— The Coral Island - A Tale Of The Pacific Ocean • R. M. Ballantyne

... yard he found a special train just ready to go to the scene of the accident. It consisted of a wrecking car, a caboose, and one coach with tender and engine. He mounted the engine with a feeling that it was a little nearer the fatal spot and would reach there first. At the last minute no more definite news concerning the particular persons killed ...
— Robert Hardy's Seven Days - A Dream and Its Consequences • Charles Monroe Sheldon

... December tour in Yorkshire, I rode for a long distance in one of the public coaches, on the day preceding Christmas. The coach was crowded, both inside and out, with passengers, who, by their talk, seemed principally bound to the mansions of relations or friends to eat the Christmas dinner. It was loaded also with hampers of game, and ...
— Old Christmas From the Sketch Book of Washington Irving • Washington Irving

... staying at Chiefswood, and proposing to make a run into Lanarkshire for a day or two, mentioned overnight at Abbotsford that he intended to take his second son, then a boy of five or six years of age, and Sir Walter's namesake, with him on the stage-coach. ...
— The Journal of Sir Walter Scott - From the Original Manuscript at Abbotsford • Walter Scott

... I'se warrant I hae heard you sing a blythe sang on Saturday at e'en before now. But as for the chaise, Deacon, it hasna been out of the coach-house since Mrs. Bertram died, that's sixteen or seventeen years sin syne. Jock Jabos is away wi' a chaise of mine for them; I wonder he's no come back. It's pit mirk; but there's no an ill turn on the road ...
— Guy Mannering, or The Astrologer, Complete, Illustrated • Sir Walter Scott

... extreme. He wanted the tabouret, the footstool, for his duchess, in other words the right to be seated in presence of the members of the royal family. He wanted the privilege of driving into the courtyard of the Louvre without having to descend from his coach outside and walk in. He demanded these honours because they were already possessed by the families of Rohan and of Bouillon. It is extraordinary to consider what powerful effects such trumpery causes could have, but it is a fact that the desolating and cruel wars of ...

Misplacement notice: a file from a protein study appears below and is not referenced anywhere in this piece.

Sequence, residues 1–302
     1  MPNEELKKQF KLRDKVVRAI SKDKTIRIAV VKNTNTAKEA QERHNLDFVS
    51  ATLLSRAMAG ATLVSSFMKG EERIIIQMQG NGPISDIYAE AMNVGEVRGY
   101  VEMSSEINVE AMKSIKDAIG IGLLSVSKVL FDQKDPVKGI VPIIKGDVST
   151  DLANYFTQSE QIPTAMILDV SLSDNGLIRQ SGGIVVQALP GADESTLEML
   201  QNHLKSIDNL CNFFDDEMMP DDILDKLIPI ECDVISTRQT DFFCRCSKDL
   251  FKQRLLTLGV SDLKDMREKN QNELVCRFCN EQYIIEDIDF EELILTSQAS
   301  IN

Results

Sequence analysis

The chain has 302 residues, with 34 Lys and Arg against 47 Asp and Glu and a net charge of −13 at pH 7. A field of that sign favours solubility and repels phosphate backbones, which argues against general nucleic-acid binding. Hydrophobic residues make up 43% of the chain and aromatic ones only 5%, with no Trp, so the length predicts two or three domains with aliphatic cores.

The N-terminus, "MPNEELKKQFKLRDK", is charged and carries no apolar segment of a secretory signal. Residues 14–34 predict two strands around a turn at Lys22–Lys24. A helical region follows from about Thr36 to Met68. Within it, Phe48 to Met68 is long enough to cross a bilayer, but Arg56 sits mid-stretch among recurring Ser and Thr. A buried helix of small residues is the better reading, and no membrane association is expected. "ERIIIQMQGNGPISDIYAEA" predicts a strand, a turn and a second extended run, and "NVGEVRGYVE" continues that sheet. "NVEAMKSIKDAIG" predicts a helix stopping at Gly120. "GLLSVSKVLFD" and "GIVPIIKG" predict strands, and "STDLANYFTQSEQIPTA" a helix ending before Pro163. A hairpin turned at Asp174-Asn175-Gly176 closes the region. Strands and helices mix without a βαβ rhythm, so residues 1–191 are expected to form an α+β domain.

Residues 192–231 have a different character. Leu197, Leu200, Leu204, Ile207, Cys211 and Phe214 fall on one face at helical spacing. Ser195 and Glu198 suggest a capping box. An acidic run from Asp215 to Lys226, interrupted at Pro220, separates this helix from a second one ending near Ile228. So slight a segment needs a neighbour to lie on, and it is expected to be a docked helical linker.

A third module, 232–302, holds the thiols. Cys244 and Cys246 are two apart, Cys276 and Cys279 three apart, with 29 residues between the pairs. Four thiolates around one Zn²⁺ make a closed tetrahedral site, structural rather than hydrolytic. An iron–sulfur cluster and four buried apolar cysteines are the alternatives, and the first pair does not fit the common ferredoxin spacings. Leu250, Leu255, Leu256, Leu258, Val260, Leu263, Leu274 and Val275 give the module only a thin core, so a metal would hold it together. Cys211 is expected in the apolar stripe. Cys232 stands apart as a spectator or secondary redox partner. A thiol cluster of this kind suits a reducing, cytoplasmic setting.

— Three French Moralists and The Gallantry of France • Edmund Gosse

... Penington, eldest son of Alderman Penington, of London. And this friendship devolving from the parents to the children, I became an early and particular playfellow to her daughter Gulielma; being admitted, as such, to ride with her in her little coach, drawn by her footman ...
— The History of Thomas Ellwood Written by Himself • Thomas Ellwood

... that in which I lived at Mrs. Howard's. I had no sooner entered my new habitation, than I was set to work, and kept at it almost an hour; at which time the alderman pulled Henrietta away by force. A coach stopping at the door, hindered any dispute that might have arisen from the treatment of the alderman; for out jumped four young ladies, and two young gentlemen, who had been invited to spend the evening. Their names were, ...
— The Adventures of a Squirrel, Supposed to be Related by Himself • Anonymous

... on brave men in coats of mail. These narrow, stony streets have rung with the clang and echo of hurrying hoofs; the tramp of Royalist and Parliamentarian, horse and foot, drum and banner; the stir of princely visits, of mail-coach, market, assize and kingly court. Colbrand, armed with giant club; Sir Guy; Richard Neville, kingmaker, and his barbaric train, all trod these streets, watered their horses in this river, camped on yonder bank, or ...
— Little Journeys to the Homes of the Great, Vol. 1 of 14 - Little Journeys to the Homes of Good Men and Great • Elbert Hubbard